The Works Council and money, a tricky combination. You have independent rights to spend money, but there’s also some social pressure.
As a trainer/coach of works councils, I see it happening increasingly more often: Works Councils first look at the price of an OR training or support. The content often comes second. Of course, you have to look at the price, but above all, you should look at what you want to achieve and take a critical look at what is the best way to achieve it. It has to be a very deliberate choice. After all, you are looking for the most value for money.
a comparison with a recruitment policy
As an organisation in this job market, you can quickly choose from several applicants to fill a vacancy. These applicants can vary, from totally inexperienced to people who have earned their stripes in their profession.
In a healthy organisation, a well-considered choice will be made. We all see the connection between an inexperienced and (therefore) cheap new employee and someone with a lot of experience who logically only wants to leave their current position with a good salary.
The choice is between paying little now and perhaps paying more later, or paying more now and benefiting directly from your investment.
rights and obligations
As a Works Council, there are certain obligations, as well as rights, that apply. You have an obligation to be an independent representative of all employees in the organisation. And to guarantee that, the legislature has given you rights. It’s actually quite simple.
comparing tenders and quotations
Works Councils frequently tell me their management wants three price quotations to compare. Or, in the case of government Works Councils, they say a tender procedure is required. The reason? “That is how it’s always done with large expenses in our organisation”.
The rulings of the Dutch Supreme Court on this subject are clear: tendering for OR training is not permitted. Nor should the management have any influence on the choice of trainer or the content of the training.
social and moral pressure
In some cases, the management that tries to limit the expenses of the Works Council with social or moral arguments such as “we also don’t organise off-site team days” or applying even more pressure by stating that “your training comes at the expense of the training budget of the entire organisation.” You can give in to these arguments, but do they really matter? The guidance the legislator wants to provide is focused on making you an equal discussion partner. Is that the case in this situation?
The independence of the works council must be guaranteed in accordance with the law and court rulings. All regulations are aimed at allowing the Works Council to independently determine the content and purpose of their training, meetings or conversations.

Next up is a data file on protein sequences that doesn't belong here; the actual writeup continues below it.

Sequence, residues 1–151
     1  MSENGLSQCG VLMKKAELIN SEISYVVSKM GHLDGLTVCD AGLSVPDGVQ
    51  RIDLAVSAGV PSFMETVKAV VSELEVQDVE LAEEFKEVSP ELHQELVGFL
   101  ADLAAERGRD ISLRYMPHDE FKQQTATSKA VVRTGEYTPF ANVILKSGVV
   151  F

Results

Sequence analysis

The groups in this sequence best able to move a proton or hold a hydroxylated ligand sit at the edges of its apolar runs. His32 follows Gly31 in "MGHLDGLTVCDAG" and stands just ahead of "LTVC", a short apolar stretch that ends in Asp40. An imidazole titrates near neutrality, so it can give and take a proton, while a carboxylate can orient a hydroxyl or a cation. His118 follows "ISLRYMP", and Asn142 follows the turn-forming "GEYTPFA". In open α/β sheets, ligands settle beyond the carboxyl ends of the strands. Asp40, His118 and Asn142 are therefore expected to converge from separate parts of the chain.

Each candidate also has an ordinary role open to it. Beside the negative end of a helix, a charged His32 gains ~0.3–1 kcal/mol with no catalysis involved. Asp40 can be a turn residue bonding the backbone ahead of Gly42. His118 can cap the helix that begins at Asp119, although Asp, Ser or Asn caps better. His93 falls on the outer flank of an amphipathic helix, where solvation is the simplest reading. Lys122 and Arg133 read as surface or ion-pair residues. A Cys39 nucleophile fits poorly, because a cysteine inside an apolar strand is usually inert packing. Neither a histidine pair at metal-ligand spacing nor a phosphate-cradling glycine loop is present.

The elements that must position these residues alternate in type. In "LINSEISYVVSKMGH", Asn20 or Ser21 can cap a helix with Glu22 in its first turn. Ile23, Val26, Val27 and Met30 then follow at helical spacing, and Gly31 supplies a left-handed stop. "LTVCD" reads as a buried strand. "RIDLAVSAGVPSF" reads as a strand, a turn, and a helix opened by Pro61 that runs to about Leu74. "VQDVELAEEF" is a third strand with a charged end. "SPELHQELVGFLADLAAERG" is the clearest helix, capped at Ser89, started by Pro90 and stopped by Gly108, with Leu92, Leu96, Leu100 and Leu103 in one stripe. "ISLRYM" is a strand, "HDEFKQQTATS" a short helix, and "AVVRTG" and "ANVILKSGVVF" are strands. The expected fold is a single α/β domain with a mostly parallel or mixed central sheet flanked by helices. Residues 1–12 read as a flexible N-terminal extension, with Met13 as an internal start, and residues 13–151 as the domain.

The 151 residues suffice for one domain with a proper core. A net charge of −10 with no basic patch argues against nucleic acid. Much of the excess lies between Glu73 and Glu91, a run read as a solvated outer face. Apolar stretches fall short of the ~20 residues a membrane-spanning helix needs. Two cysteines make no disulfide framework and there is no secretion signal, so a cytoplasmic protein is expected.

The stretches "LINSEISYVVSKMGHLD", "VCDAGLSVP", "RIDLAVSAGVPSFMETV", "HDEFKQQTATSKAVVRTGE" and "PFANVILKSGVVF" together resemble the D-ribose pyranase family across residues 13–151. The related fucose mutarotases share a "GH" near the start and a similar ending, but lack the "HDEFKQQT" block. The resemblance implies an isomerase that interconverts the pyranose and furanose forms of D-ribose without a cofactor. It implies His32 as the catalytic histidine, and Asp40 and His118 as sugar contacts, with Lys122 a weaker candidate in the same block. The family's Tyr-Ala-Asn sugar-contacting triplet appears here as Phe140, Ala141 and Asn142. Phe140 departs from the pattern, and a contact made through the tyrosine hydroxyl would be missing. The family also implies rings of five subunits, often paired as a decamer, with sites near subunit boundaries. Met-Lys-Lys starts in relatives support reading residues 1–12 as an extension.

Because people (the government, the Social-Economic Council (SER), national politics) want to bring you as a Works Council member to the same professional level as your discussion partner, i.e. the management, they are providing you with knowledge about matters such as conversation and meeting techniques, political operations and management skills. They want you to gain experience in communicating your point of view or opinion in a professional and well-founded manner. In short: they want you to be taken seriously and be able to ensure that people in the organisation apply what you told them. After all, you represent all employees.
your Works Council budget is at least €15,000 per year
To guarantee the independence of the Works Council, the SER made additional statements about the WOR rights. These stipulate that every Works Council in the Netherlands is entitled to a budget of approx. €15,000 for training and counselling (apart from hiring experts for specific topics).
To be clear: this is your right, but you can always opt not to claim your right (in part or in full). The decision is entirely up to you as an independent Works Council.
you make that decision!
Whether you opt for cheap or expensive, selecting the Works Council trainer you like so much, or selecting a renowned institute, you must first determine your goal (or objective), and then find the best way to achieve this. You also have to realise: the training is never a goal in itself.
Make sure you get an optimal return on your investment, in both time and money!
Note: Please note that we are a Dutch organisation and that all our information is originally composed in Dutch. For the benefit of our English-speaking customers we have translated some of our online information. We are still in the process of translating even more of our information. It could therefore be that you will come across Dutch pages on CT2.nl. Please contact us if you would like more information.